For a long time I’ve avoided watching movies starring Dustin Hoffman because I didn’t like the voice of his Italian dubbing actor. When some years ago I started watching all movies in their original language, I was finally able to appreciate the talent of the great Dustin Hoffman. Tootsie, the 1982 film directed by Sidney Pollack, is practically based exclusively on the performance of that actor who tries to succeed in the equivalent of a jazz standard for a male actor: being credible in the role of a woman.
Why do I call it a standard? Well, already in ancient Greece there were no theatrical actresses, so men had to play female characters as well. But, to remain in the realm of cinema, there are countless films centered on the man-woman disguise exactly like Tootsie: Miss Charlot (1915) with Charlie Chaplin, Some Like It Hot (1959) with Tony Curtis and Jack Lemmon, Mrs Doubtfire (1993) with Robin Williams… I could mention endless examples!
In this case, the gimmick is at the service of a comedy in which the protagonist, the unsuccessful actor Michael Dorsey (Dustin Hoffman), realizes how badly he has treated the women of his life (and how much society in general is unfair to women) only once he decides to become his female alter ego Dorothy Michaels. Above all, the eye openers for Michael are his relationships with Julie (Jessica Lange) and Sandy (Teri Garr). Michael falls in love with Julie, and at the same time Sandy is in love with him but he doesn’t feel the same about her.
When you think about it, this is dramatic rather than comic (it’s no coincidence that Hoffman has always maintained that for him this film isn’t a comedy at all). However, I laughed a lot while watching Tootsie… Michael’s character is unbearable: self-centered and convinced to always be right, his scenes are often hilarious. Then, when he becomes Dorothy things get even better, partly because of the comedy of errors, and partly because Hoffman is really impressive. He’s credible as a woman! He’s not an attractive woman, of course, but it’s funny to see that when she behaves exactly like Michael did as a man, she manages to achieve incredible success and she gains the respect of everyone.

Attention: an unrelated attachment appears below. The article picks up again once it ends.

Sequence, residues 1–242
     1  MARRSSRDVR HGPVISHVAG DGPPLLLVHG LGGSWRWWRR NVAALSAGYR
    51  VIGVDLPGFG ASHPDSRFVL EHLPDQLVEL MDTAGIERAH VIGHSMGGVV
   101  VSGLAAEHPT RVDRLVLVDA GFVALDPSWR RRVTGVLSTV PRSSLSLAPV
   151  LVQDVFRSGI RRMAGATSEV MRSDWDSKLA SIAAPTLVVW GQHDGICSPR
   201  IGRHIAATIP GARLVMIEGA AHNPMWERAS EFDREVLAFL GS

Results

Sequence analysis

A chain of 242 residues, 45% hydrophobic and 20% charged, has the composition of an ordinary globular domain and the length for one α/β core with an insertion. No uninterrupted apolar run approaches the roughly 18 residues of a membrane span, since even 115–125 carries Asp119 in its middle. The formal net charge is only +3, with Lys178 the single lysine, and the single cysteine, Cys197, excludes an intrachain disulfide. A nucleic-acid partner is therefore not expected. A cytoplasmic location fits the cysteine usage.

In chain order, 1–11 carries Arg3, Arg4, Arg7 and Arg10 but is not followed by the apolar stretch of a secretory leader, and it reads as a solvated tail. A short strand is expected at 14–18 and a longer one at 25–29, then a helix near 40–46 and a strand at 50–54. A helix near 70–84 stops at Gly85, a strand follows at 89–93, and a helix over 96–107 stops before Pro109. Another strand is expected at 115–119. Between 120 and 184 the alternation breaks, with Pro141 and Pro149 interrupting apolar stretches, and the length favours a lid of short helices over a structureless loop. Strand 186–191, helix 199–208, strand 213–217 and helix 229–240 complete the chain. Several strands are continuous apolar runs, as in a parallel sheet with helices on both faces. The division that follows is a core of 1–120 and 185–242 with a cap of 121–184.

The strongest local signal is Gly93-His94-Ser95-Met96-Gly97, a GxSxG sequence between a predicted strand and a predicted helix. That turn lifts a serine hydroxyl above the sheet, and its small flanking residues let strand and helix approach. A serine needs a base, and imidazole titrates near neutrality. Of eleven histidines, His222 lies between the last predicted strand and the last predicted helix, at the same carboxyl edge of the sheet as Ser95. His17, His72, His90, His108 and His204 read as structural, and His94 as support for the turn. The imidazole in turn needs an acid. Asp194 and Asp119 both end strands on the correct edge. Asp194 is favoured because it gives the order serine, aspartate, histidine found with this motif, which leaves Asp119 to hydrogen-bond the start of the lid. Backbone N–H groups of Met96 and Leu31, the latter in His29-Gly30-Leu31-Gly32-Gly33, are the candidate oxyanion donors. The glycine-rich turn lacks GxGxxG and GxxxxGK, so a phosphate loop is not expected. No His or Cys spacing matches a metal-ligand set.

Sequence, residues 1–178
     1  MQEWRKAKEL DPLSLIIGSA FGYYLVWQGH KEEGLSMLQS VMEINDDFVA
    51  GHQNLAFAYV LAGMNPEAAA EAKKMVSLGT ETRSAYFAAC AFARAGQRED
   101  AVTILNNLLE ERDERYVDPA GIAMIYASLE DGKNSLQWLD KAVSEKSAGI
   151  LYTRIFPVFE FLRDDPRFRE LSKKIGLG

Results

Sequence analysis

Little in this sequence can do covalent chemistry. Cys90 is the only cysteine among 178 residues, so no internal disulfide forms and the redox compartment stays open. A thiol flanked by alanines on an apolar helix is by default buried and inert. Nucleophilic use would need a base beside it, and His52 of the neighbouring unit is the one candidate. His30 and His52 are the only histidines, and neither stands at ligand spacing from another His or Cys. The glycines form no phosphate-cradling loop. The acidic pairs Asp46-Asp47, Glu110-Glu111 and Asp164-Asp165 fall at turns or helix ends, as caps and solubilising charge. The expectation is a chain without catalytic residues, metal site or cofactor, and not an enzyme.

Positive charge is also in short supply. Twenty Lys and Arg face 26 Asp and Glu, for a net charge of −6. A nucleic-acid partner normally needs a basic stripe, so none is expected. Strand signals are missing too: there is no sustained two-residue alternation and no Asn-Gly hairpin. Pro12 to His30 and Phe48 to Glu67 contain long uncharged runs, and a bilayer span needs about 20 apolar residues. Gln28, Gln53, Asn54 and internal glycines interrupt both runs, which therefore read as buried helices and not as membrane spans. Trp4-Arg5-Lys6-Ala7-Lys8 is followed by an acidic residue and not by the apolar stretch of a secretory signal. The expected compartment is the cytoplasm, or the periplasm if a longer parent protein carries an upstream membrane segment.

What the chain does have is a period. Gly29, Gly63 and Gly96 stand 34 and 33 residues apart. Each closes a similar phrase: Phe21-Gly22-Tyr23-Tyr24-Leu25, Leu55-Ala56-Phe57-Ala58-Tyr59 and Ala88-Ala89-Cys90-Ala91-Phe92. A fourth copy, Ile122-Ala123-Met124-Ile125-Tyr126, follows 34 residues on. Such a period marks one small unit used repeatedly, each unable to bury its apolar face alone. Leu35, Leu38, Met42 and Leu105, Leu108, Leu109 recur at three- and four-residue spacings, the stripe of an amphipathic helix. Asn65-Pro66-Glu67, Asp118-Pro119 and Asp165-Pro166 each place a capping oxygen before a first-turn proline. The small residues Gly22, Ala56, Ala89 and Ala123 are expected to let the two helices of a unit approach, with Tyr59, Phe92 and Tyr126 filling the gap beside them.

Tootsie is well-written and well-made, and Sidney Pollack directs well his cast and also has some fun in playing Michael’s agent, George Fields, who constantly fights with his actor. Apparently, Pollack decided to play the character just to let off steam freely with Hoffman with whom things weren’t exactly going smoothly on set!
And then how not to adore the young Bill Murray who plays Michael’s roommate and aspiring screenwriter? Tootsie really impressed me. Did I mention that it also stars also a very young Geena Davis (she was 26 years old)? If you haven’t seen this move, give it a chance and you won’t regret it. Here’s an example of the brilliance of the film’s dialogues, it’s a line said by Michael to Julie in the climax of the film:
“I was a better man with you as a woman than I ever was with a woman as a man”
This is great, these few words sum up both Michael’s character growth and the main theme of the film! And this is only one of the quality peaks of Tootsie’s script, which was written by Larry Gelbart starting from a story he wrote together with Don McGuire (although, according to Imdb, other people have worked on it too, including none other than Barry Levinson who would work with Dustin Hoffman five years later on Rain Man). Ciao!